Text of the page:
Jonathan Hunt, CEO of Syngene International, one of the fastest-growing and leading contract research and manufacturing organizations in the world, discusses the company’s unique ecosystem of innovation, India’s eye-catching talent resources, Syngene’s partnership model with leading biotech and Big Pharma companies, the company’s ongoing forward integration and its stringent approach to quality and regulatory compliance.
Syngene International is a leading India-based contract research and manufacturing organization that supports R&D programs, from lead generation to clinical and commercial supplies. What are some of main specificities of the company that you would like to highlight to our international readers?
“Considering the global Contract Research Organization (CRO) market has grown at around 12 percent in recent years, we have consistently grown at about double that rate and significantly gained market shares over the past years”
Although we are based in India, we operate at a global scale. Our client base primarily consists of customers based in the US, Europe, Japan and various other geographies. As a matter of fact, around 97 percent of our revenues come from outside of India. While we are a US centric service provider, the fact that we are domiciled in India gives us a number of advantages – access to a rich pool of scientific talent, a relatively younger English-speaking work force and lower operating costs. For example, the rate at which India produces graduates with master’s degrees and PHD’s in chemistry or biology is astounding, and it has allowed us to build up our own scientific talent pool at an eye-catching pace.
Considering the global Contract Research Organization (CRO) market has grown at around 12 percent in recent years, we have consistently grown at about double that rate and significantly gained market shares over the past years. Around five years ago, we were a strong regional player with a track record of being one of the more sophisticated scientific service providers within the Indian context; today, we are starting to emerge as a strong player within the global leadership group of the contract research and manufacturing industry.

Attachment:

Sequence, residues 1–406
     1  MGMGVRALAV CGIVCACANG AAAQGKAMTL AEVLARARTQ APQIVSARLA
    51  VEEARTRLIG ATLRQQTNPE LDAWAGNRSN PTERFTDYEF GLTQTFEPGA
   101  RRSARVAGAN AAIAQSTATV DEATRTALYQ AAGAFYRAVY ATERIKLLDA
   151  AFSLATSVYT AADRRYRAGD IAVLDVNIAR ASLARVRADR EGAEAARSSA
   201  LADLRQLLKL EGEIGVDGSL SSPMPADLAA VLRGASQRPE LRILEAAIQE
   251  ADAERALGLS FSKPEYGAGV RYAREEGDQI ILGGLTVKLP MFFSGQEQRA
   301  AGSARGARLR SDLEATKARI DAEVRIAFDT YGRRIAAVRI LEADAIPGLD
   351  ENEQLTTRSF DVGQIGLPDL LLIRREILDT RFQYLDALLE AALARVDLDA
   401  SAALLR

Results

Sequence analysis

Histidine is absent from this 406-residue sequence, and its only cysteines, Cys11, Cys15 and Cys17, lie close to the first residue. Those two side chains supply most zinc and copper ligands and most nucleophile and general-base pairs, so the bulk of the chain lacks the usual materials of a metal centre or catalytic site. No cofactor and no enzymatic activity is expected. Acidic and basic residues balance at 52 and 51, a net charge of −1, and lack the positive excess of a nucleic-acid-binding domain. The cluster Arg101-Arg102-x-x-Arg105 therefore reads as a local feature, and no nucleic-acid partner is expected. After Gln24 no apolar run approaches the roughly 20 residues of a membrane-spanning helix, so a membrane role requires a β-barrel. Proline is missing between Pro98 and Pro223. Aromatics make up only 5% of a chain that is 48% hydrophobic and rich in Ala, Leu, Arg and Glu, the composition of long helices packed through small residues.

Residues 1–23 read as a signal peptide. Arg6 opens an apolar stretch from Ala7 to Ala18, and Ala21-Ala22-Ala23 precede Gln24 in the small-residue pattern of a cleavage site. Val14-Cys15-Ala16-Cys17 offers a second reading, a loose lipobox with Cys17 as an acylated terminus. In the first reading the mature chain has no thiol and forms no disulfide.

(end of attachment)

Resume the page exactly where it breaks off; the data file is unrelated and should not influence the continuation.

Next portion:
Syngene has world-class infrastructure with more than 1.3 million sq. ft. of research and manufacturing space in Bengaluru gathering together over 4500 employees, the vast majority of them being scientists. In this regard, I believe that there are few places in the world with this number of discovery scientists concentrated into so few acres: it is a real hotbed for innovation that emerges as a true life sciences ecosystem, more than a just a company campus. That is one of the strong reasons that is attracting many large clients to engage with Syngene.
After more than two decades working for Big Pharma companies like Schering AG and AstraZeneca, you took over the helm of Syngene in January 2016. What was the personal challenge that convinced you to embark on this new adventure?
First of all, I love the energy and dynamism of India. From a personal point of view, the opportunity presented through Syngene International was the challenge of guiding a relatively youthful organization through a period of significant growth. Syngene is growing at a rate of 20 percent in all directions, whether it relates to our service offerings, revenues, capacity and headcount.
Furthermore, we have only been a public company for two and a half years and my aim is to guide the organization through the early stages of being a fully formed, publicly traded company. This involves ambitious expansion but also internal maturation, while ensuring emphasis is placed on good leadership, strong governance and a deep-seated commitment to continuing our track record of excellent regulatory compliance. There is a lot of work to be done in building those inner workings of a business that allow for its repeated success.
Over the past few years, some India-based manufactures and service providers have experienced significant difficulties with regards to quality and regulatory compliance. What is the approach you have been fostering at Syngene?
With regards to regulatory and quality compliance, we have two main priorities. First of all, you need strong systems and processes. In this regard, we’ve invested heavily in digitizing our systems, through the utilization of technology solutions like the electronic lab notebooks for example, and through the creation of functional compliance systems and training people to support them.
The second important aspect relates to people. You have to ensure that from top to bottom everyone understands that integrity, ethics and compliance are binary: they are either maintained or they are not. You have to create a healthy paranoia in regards to these standards and we build that into every individual job. At Syngene, every business review, performance review and meeting, starts ritualistically with a discussion around ethical and regulatory compliance and safety standards. Somewhat uniquely for us in comparison with other Indian-based companies is the fact that from the very beginning we have built our systems and processes from the mindset that anything we do has to be compliant with global regulatory requirements be it the USFDA or the EMA or others. If it is not globally compliant, it is not happening.